Lewis Hine caption: Hiram Pulk, 9 years old, cuts some in Seacoast Canning Co., Factory #1. “I ain’t very fast–only about five boxes a day. They pay five cents a box.” Location: Eastport, Maine, August 1911.
Among the many thousands of child labor photographs taken by Lewis Hine, this one is fairly ordinary. It appears to be poorly lit, the boy’s face is not clear, and there is little detail. If I had not taken a special interest in Hine’s 53 Eastport photos, little Hiram might have remained ignored and forgotten. Like many of the boys and girls that Hine depicted in Eastport, he was a fish cutter, a job that required him to use a butcher knife, a risky situation that frequently led to cut hands and fingers. See some of my other Eastport stories for details about the conditions of child labor in the canneries.
Right away, I got lucky in my search. I found a family history website that listed some descendants of William and Mary Pulk, one of them a son named Hiram Pulk, who was born on August 19, 1874, in Eastport, Maine. He was married twice, first to Mary Trott, in 1895, and later to Jeanette Houston, in 1899. Hiram and Jeanette had a son, also Hiram, born December 12, 1901. Almost 10 years later, he would be photographed by Lewis Hine. By the time he was 12 years old, his life had been turned upside down.
In the book Vinalhaven Island (Maine), by the Vinalhaven Historical Society, there is a 1912 photograph of students at the White School, the public school on the island. Among those pictured is Hiram, only a year after Hine encountered him in Eastport.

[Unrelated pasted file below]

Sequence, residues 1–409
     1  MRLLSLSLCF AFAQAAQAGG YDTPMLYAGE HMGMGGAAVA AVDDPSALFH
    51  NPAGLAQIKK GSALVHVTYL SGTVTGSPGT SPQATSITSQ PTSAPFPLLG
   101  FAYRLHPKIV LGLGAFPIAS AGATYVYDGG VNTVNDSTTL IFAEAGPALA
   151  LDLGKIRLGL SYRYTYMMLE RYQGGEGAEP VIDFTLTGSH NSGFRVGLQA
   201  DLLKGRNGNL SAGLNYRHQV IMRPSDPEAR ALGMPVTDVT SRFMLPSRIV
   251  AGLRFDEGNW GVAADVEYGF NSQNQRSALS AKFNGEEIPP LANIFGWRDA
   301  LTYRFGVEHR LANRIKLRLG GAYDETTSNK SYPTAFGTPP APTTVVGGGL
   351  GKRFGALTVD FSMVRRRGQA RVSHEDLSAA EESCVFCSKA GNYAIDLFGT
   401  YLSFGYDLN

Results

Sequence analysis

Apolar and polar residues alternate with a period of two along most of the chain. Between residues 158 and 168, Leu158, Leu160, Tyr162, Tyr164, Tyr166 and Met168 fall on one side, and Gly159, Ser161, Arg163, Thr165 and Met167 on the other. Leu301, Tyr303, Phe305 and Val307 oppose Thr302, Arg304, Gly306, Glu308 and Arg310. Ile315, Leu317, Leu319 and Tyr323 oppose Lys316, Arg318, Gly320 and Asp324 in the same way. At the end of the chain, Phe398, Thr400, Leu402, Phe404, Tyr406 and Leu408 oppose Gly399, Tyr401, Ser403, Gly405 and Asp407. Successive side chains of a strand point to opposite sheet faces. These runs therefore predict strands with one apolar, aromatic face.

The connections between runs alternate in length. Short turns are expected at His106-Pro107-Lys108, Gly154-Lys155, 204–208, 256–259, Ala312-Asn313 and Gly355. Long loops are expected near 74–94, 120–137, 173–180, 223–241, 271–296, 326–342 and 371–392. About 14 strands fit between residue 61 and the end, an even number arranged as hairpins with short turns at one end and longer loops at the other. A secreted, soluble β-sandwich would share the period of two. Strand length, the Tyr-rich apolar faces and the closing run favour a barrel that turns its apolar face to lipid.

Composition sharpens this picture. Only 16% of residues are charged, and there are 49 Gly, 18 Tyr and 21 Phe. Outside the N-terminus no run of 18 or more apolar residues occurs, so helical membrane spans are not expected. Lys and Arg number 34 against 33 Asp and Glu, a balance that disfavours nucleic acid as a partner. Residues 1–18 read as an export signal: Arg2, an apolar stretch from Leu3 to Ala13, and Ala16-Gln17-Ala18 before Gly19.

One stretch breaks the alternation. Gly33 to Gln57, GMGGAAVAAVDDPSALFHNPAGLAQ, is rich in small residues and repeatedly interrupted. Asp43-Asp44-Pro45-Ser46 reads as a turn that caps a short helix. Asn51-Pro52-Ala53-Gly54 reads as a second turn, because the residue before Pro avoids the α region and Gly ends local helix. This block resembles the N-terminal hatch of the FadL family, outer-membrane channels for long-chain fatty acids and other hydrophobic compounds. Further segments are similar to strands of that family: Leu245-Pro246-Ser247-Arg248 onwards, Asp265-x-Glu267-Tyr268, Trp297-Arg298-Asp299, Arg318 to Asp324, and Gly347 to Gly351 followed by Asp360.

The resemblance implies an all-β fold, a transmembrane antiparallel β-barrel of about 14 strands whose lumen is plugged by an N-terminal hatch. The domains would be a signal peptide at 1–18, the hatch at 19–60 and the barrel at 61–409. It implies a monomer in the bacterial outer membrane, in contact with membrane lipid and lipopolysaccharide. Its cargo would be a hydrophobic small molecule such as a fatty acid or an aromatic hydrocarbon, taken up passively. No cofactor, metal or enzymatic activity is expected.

It is likely that his father, a fisherman, found work on the island, known for its fishing and canning industries. Unfortunately for the young boy, his father died on November 30, 1913, in Rockland, Maine; and his mother died in Eastport less than a year after, on September 14, 1914.
Hiram (now listed officially as Polk), married Lillian Parker on April 28, 1925. He was 23 years old, and she was only 15. They are listed in the 1930 census in Queens, New York, and have two children, three-year-old Mary, and one-year-old Hiram. I found the death record and obituary for Lillian, who died in Maine in 1984. That led me to daughter Mary (now Marshall), who lives in southern Maine. She was not sure of the date that her father died, but thought it was in Rhode Island in the 1950s. She was unable to find any photographs of him.
Edited interview with Mary Marshall (MM), daughter of Hiram Polk. Conducted by Joe Manning (JM), on January 16, 2008. Transcribed by Jennifer Suh and edited by Manning.
JM: What did you think when you saw the photograph?
MM: I couldn’t see my father in it at all.
JM: You mean you weren’t sure it looked like him?
MM: I never saw a picture of him when he was young. And he wore glasses when I remember him.
JM: Was it surprising to you that he was working in the fish factory.
MM: That’s what all the young people did then.